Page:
probably have better luck with a young sales rep than if you were
to describe what the device has to -do-.

I would suggest that before you go into a store, that you look
closely at what kind of connector is on the modem, and what kind
of connector is on the console cable, and that you *write that down*
and take the paper with you. If you are like me, then when faced
with a choice of cross-over devices, you will likely get confused
about what the connections you carefully memorized were.

The last time, a couple of months ago, that I went into a Radio Shack,
I was able to find exactly -one- of the cross-over gender-changing
DB9<->DB25 connectors, and that only by looking carefully four times
in the right section; the sales people didn't have a clue what I
was talking about, and it was easy to overlook the one package I
needed on the wallful of random connectors and RF convertors and
telephone jacks and so on.
--
"Infinity is like a stuffed walrus I can hold in the palm of my hand.
Don't do anything with infinity you wouldn't do with a stuffed walrus."
-- Dr. Fletcher, Va. Polytechnic Inst. and St. Univ.
 
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AM
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      12-30-2004
Walter Roberson wrote:

> In article <PLWAd.8769$(E-Mail Removed)>, AM <(E-Mail Removed)> wrote:
> :I read 837's manual and it says I should use a particular cable (not the console's one) to connect an analog modem
> :directly to the console port. It suggest me to contact the vendor.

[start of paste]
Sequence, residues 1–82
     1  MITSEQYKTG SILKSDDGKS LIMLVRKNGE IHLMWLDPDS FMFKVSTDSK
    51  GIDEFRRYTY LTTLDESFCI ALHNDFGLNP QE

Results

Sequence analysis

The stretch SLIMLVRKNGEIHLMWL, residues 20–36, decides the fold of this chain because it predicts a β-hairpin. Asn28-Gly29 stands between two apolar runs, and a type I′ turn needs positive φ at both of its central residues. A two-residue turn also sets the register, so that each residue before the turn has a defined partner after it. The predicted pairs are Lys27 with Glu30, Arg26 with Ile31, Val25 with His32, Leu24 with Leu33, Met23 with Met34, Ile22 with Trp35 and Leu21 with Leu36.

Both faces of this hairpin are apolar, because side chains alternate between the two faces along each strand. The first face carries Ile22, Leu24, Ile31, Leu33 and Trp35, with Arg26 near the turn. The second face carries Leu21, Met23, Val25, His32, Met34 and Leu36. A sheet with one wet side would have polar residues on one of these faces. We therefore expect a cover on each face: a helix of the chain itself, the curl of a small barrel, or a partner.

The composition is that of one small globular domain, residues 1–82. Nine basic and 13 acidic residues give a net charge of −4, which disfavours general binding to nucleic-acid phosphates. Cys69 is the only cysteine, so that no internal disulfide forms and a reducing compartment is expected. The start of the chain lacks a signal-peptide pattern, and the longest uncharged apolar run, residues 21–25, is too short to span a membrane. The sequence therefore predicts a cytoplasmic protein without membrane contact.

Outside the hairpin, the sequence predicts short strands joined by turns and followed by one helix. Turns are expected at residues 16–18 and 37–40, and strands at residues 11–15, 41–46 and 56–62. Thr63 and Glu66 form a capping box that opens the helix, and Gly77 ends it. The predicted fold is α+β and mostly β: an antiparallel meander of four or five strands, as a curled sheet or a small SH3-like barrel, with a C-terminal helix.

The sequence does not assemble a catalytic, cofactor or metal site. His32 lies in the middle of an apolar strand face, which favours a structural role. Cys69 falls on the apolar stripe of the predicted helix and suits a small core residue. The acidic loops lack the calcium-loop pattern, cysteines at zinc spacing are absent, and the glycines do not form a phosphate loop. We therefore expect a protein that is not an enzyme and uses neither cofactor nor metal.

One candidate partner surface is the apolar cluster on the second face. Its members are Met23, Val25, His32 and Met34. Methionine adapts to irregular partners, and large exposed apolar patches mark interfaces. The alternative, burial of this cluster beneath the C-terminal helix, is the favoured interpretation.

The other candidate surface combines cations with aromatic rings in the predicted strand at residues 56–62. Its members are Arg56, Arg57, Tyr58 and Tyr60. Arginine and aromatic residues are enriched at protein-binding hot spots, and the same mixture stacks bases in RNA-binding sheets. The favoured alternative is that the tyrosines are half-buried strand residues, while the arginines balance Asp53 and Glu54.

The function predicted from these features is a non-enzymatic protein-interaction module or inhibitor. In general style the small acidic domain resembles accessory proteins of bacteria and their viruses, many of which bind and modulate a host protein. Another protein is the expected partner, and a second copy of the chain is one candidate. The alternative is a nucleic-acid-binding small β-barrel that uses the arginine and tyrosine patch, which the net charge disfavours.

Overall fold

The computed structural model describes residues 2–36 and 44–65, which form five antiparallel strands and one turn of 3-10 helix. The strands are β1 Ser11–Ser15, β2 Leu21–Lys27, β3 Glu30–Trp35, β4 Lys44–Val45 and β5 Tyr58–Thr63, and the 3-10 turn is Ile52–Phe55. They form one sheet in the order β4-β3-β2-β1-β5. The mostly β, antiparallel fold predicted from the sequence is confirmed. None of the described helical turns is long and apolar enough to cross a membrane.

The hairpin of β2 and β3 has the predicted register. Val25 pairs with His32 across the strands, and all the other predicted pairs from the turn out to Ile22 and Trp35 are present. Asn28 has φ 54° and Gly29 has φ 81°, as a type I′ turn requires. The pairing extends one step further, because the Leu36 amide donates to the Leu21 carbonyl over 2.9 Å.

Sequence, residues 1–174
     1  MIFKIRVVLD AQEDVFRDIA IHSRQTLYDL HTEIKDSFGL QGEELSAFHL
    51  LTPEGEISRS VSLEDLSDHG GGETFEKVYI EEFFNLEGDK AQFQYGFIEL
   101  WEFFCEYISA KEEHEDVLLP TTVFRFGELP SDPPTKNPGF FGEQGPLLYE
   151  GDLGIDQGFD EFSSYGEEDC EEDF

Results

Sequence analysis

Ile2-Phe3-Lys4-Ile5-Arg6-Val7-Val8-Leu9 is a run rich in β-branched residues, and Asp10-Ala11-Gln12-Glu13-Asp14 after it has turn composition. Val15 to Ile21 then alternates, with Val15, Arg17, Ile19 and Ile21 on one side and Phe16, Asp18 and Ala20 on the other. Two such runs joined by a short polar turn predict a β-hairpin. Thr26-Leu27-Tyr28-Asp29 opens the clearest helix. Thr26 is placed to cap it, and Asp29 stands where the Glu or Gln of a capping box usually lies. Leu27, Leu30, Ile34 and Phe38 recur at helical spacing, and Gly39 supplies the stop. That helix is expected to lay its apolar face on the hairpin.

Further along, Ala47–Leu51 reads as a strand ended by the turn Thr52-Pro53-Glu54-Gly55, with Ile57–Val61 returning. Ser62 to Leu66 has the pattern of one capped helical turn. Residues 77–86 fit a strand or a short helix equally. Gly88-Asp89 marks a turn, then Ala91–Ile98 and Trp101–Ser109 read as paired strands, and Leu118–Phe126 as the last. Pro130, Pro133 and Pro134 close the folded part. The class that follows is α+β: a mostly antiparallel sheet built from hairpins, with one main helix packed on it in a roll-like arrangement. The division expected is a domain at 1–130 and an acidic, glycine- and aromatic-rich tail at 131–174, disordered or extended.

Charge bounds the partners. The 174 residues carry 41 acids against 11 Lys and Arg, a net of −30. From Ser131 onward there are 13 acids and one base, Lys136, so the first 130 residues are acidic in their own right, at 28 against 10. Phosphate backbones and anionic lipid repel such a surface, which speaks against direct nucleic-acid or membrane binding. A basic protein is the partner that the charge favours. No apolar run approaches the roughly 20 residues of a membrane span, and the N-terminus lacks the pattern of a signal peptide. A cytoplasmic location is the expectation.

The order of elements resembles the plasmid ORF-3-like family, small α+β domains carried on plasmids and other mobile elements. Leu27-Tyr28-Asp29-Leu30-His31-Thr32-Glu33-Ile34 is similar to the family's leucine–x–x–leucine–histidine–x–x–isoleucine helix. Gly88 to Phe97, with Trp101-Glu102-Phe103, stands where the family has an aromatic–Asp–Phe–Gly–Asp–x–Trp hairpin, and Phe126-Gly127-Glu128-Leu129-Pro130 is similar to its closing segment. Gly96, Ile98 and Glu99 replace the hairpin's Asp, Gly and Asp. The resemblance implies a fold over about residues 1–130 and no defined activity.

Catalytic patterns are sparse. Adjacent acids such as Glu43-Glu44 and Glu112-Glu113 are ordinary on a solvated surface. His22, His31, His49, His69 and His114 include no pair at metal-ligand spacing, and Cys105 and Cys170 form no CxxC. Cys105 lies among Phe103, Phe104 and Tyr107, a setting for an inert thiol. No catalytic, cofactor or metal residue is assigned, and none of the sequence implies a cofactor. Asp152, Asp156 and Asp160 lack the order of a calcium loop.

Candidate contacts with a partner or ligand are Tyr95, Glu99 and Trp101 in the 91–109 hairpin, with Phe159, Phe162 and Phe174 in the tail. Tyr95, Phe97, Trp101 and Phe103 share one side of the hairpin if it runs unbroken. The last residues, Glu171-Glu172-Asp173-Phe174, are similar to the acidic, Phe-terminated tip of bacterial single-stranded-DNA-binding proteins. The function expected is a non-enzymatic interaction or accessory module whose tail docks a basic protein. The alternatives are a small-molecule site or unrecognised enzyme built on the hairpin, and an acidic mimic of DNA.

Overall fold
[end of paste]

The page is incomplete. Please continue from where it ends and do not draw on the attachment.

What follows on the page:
>
> :Which cable it refers to? Does anyone know the part number? Or pinouts connections?
>
> The cable that you would use to connect the console to a PC would
> treat the PC as DTE (Data Transmission Equipment) and the
> console as DCE (Data Communications Equipment.)
>


Thank you Walter and Philip, The cable you've talked about is perhaps the same used to connect 2 PCs
via serial connection (DTE <->DTE),isn't it? I have a couple of them but both have male gender
connector as that of the console cable furnished with 837( the other connector has an RJ45 connector).
Hereby I must find out an DB9 adapter female/female and link the console cable and the null modem
cable with the adapter.

Thank you!
Alex.
 
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Walter Roberson
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      12-30-2004
In article <pv%Ad.348518$(E-Mail Removed)>, AM <(E-Mail Removed)> wrote:

:Thank you Walter and Philip, The cable you've talked about is perhaps the same used to connect 2 PCs
:via serial connection (DTE <->DTE),isn't it?

Yes, that's exactly the same effect that you need. A DTE<->DTE cable
is exactly the same as a DCE<->DCE cable.

:I have a couple of them but both have male gender
:connector as that of the console cable furnished with 837( the other connector has an RJ45 connector).
:Hereby I must find out an DB9 adapter female/female and link the console cable and the null modem
:cable with the adapter.

Please re-check your analog modem. I have seen very few analog modems
with DB9 connectors on them: DB25 is the usual for analog modems
that use RS-232. Macintosh modems used mini-DIN8 connectors for a time
(which happens to be perfect for connecting to my old SGI IRIX
workstations), but modems for PCs never got around to adopting DB9.
Instead, modems for PCs tended to go internal with PCI connectors instead
of serial connectors -- so since it was largely *non*-PCs that needed
external modems, the DB25 connector stuck. These days, external modems
are tending towards USB connections, having skipped DB9.
--
I've been working on a kernel
All the livelong night.
I've been working on a kernel
And it still won't work quite right. -- J. Benson & J. Doll